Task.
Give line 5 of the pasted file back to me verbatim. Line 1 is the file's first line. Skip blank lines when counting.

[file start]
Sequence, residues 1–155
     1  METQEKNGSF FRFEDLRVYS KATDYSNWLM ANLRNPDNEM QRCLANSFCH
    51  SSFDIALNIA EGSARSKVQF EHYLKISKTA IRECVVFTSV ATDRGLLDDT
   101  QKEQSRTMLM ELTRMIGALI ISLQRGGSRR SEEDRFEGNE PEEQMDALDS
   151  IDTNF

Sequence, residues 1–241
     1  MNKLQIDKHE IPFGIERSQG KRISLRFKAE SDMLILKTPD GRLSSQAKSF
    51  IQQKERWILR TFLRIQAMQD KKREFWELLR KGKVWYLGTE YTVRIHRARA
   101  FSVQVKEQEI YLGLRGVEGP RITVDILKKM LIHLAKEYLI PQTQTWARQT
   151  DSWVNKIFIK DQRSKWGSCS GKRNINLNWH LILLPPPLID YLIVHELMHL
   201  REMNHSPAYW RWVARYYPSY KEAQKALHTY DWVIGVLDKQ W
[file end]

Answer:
   151  IDTNF